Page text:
How we teach front-end development using vanilla JS

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2024-02-10 16:30:07

During my time as a PhD student, I had to take on some teaching duties. I ended up teaching the two introductory courses to information systems, which essentially map to back-end and front-end development. They were both very fun and rewarding to teach, but also very important to teach well since the local market in Spain focuses very heavily on web development, so most of our students will work on a web information system as their first job after graduating.

At the time when I joined, they were undergoing some changes as they were pretty outdated. The back-end course focused mostly on introducing students to requirements, relational databases and SQL, which never go out of fashion. We added a few units introducing REST and we built a tool to help them quickly deploy CRUD APIs on top of their existing databases. It resulted in a nicely cohesive course where students go through the whole process of turning requirements into a conceptual model, then into a relational model and a database, and finally building a REST back-end served by that database.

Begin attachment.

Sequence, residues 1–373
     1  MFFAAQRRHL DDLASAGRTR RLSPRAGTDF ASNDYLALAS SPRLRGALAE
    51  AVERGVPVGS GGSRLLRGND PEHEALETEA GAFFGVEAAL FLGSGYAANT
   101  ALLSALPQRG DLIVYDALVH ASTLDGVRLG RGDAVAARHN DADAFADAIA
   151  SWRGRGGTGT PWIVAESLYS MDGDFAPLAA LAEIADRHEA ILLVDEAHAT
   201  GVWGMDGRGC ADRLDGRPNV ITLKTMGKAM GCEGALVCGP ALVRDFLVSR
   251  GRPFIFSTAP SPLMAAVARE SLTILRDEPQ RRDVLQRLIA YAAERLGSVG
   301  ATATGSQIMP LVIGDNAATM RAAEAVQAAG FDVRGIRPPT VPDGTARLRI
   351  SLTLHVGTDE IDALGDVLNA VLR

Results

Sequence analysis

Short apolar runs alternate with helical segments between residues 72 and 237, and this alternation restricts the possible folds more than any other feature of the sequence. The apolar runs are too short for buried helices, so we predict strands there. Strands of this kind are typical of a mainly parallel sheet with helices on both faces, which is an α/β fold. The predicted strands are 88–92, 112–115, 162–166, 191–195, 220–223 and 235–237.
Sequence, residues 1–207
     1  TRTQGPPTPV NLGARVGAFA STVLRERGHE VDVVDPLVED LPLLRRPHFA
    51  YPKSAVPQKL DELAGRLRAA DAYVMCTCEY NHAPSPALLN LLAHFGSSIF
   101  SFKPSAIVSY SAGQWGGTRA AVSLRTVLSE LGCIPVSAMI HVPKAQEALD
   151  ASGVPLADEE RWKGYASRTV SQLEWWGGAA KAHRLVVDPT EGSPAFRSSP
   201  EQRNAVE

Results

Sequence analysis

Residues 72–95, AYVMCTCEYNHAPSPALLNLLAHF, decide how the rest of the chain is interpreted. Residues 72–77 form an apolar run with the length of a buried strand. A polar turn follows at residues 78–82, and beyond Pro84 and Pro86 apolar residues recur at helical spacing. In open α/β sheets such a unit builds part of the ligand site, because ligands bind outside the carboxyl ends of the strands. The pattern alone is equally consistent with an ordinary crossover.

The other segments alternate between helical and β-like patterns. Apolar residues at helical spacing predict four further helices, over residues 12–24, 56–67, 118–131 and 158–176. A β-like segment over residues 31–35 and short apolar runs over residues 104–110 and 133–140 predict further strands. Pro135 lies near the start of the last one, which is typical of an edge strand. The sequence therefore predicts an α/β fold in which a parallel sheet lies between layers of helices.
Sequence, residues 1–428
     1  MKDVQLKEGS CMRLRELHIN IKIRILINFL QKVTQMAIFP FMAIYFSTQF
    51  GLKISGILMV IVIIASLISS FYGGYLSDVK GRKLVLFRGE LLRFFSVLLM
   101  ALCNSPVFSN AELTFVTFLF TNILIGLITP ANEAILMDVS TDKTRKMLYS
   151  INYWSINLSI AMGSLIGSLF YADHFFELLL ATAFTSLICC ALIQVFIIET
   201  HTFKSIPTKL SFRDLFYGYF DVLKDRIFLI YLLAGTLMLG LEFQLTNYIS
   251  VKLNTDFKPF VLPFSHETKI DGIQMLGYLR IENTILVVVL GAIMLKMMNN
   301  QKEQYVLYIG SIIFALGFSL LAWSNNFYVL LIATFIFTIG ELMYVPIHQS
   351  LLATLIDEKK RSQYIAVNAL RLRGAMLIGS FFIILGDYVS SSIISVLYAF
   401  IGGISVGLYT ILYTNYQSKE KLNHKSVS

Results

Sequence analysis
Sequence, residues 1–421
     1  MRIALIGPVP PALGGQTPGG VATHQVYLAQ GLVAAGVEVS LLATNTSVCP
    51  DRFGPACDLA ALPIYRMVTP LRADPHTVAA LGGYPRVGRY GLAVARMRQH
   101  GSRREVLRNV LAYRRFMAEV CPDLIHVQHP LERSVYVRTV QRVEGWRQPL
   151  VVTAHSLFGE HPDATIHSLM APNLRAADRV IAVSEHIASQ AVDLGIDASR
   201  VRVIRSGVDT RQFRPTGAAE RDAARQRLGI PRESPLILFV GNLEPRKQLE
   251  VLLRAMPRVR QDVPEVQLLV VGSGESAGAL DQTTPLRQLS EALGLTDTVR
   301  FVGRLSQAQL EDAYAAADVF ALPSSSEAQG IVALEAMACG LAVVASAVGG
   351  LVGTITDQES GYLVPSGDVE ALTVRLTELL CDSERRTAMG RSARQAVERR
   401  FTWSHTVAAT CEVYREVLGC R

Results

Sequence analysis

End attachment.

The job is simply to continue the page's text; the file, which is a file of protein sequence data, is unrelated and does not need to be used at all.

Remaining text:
However, the front-end course was a completely different beast. The legacy one consisted of implementing the web application using vanilla PHP, with design patterns (and especially a lack thereof) that left a lot to be desired in terms of quality. So, without any useful guidance about how to organize their code, our students were doing the only thing they could: some delicious spaghetti intertwining everything —database access logic, business logic and presentation logic— everywhere.

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